Right now, rugis a poor third after football and baseball in participants, and trails way behind England, with more than two million, and players and Australia, with 670,000. It is a big ask, but then, nothing should be beyond Japan when it comes to this event.
Two decades after their annihilation the All Blacks, the Blossoms came up against the mighty Springboks in Brighton in the UK in 2015, and produced one of the great shocks not just in rugbut in all of sport. They edged the Boks
34-32 in an epic that has been made into a film. The Brighton Miracle will be released as a timely curtain-raiser for the big kick-off.
Like its giant round-ball cousin, rugwas introduced to Japan British sailors in the mid-19th century, but has only really been popular in colleges. However, any heroics the host nation are likely to make a lasting impact on spectators and could spark a growth spurt. With the Olympics holding rugsevens events for both men and women a year later, Japan is seeking to maximise the unprecedented opportunity the next 12 months affords.
As for rugitself, Gosper is already hailing the move east. He said last month, “World Rugmade a bold decision and it turned out one of the soundest and great decisions. They took a risk with Japan, but it seems to be working out extremely positively.
“The ticket sales are exceptional. Some 5½ million applications are a record for a RugWorld Cup — ahead of England in 2015, while we had sold more than 85% of tickets a month before the tournament.” Sell-outs look to be the norm while 40 million domestic viewers are expected for the opener with Russia.
Expansion is not confined to the hosts as RWC is expecting to add 10% to its current 330 million fan base. Not even a tenth of football, but still a significant number. Gosper expects the biggest growth areas to be in Germany, India and China while adding, “This one we would hope for particular interest in Malaysia and Indonesia.” Altogether in Asia, he is hoping to get a million new participants.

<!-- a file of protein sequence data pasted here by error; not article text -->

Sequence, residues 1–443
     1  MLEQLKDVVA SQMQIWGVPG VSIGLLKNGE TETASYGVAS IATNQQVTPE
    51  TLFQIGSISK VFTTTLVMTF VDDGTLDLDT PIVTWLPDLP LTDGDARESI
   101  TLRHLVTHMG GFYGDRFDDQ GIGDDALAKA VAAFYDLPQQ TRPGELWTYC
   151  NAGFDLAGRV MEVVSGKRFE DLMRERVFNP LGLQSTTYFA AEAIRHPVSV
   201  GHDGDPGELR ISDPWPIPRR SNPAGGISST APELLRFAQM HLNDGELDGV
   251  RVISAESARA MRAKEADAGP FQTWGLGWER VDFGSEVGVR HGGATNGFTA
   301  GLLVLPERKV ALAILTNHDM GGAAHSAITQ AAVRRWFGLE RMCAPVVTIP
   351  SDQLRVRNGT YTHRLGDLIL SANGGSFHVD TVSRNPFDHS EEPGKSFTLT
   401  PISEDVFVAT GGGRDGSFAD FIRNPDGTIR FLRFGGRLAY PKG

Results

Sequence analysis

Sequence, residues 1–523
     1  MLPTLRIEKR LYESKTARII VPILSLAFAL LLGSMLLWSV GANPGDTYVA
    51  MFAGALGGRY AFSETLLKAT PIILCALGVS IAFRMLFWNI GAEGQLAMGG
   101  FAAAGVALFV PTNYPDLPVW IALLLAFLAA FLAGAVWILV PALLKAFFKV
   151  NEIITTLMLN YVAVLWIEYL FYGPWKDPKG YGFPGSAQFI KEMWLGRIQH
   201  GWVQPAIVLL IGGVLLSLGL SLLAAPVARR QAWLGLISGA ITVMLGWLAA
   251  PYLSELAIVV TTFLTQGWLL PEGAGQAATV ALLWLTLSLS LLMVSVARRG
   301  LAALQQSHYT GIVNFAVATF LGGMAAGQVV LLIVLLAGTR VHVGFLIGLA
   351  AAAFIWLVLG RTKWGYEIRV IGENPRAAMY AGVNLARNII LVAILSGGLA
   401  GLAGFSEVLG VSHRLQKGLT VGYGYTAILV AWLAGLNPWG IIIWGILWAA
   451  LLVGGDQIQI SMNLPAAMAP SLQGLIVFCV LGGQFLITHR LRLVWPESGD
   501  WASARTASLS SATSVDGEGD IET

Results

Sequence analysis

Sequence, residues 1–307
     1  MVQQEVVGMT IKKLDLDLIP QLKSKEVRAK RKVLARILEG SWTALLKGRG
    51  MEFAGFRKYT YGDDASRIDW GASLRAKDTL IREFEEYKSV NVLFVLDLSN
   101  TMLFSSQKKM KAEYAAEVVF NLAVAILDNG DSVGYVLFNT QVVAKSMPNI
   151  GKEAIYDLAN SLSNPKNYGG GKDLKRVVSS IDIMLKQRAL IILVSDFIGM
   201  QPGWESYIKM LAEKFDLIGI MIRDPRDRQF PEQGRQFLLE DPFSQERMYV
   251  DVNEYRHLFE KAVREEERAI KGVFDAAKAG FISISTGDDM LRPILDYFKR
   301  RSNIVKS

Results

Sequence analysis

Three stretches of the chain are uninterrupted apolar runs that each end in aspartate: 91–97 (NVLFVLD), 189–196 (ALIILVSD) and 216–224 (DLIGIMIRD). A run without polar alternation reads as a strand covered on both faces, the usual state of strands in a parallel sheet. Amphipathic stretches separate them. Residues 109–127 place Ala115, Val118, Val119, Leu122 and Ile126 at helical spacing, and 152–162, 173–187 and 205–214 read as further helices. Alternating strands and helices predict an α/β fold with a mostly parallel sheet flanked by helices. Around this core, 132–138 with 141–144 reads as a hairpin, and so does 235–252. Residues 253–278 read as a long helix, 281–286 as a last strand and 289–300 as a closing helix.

Another risk the sport is taking is one of lopsided fixtures. Growth means minnows must be included, but any repeat of the five century totals already racked up in the tournament’s 32-year history would not only be a severe embarrassment but could undermine those ambitions.
Unlike low-scoring football, in ruga vastly inferior side cannot hope to hold out for a heroic draw or scrape a lucky win. Happily, though, there has been a levelling up in recent years so such a humiliation for the hosts in front of their own fans is as unlikely as it is unthinkable.
No fewer than 20 nations play 48 matches in 12 venues over the next six weeks and an awful lot is riding on it for both Japan and rugby. Like two lock-forwards in a scrum, their fates are bound together and Japan is already exploiting the theme, “the rugof tomorrow”.
In contrast, England marketed the last World Cup as being “at the home of rugby” and no sport has milked a myth more. It is named after the town where it was born and its greatest prize honours the “midwife”. William Webb Ellis was the boy that “delivered” it from the feet of football and whose name is given to the World Cup trophy.
The winners will come from one of five or six nations, but for the hosts and the sport, it will not be about that — it will be about the taking part. Asia will be watching.
Bob Holmes is a long-time sports writer specialising in football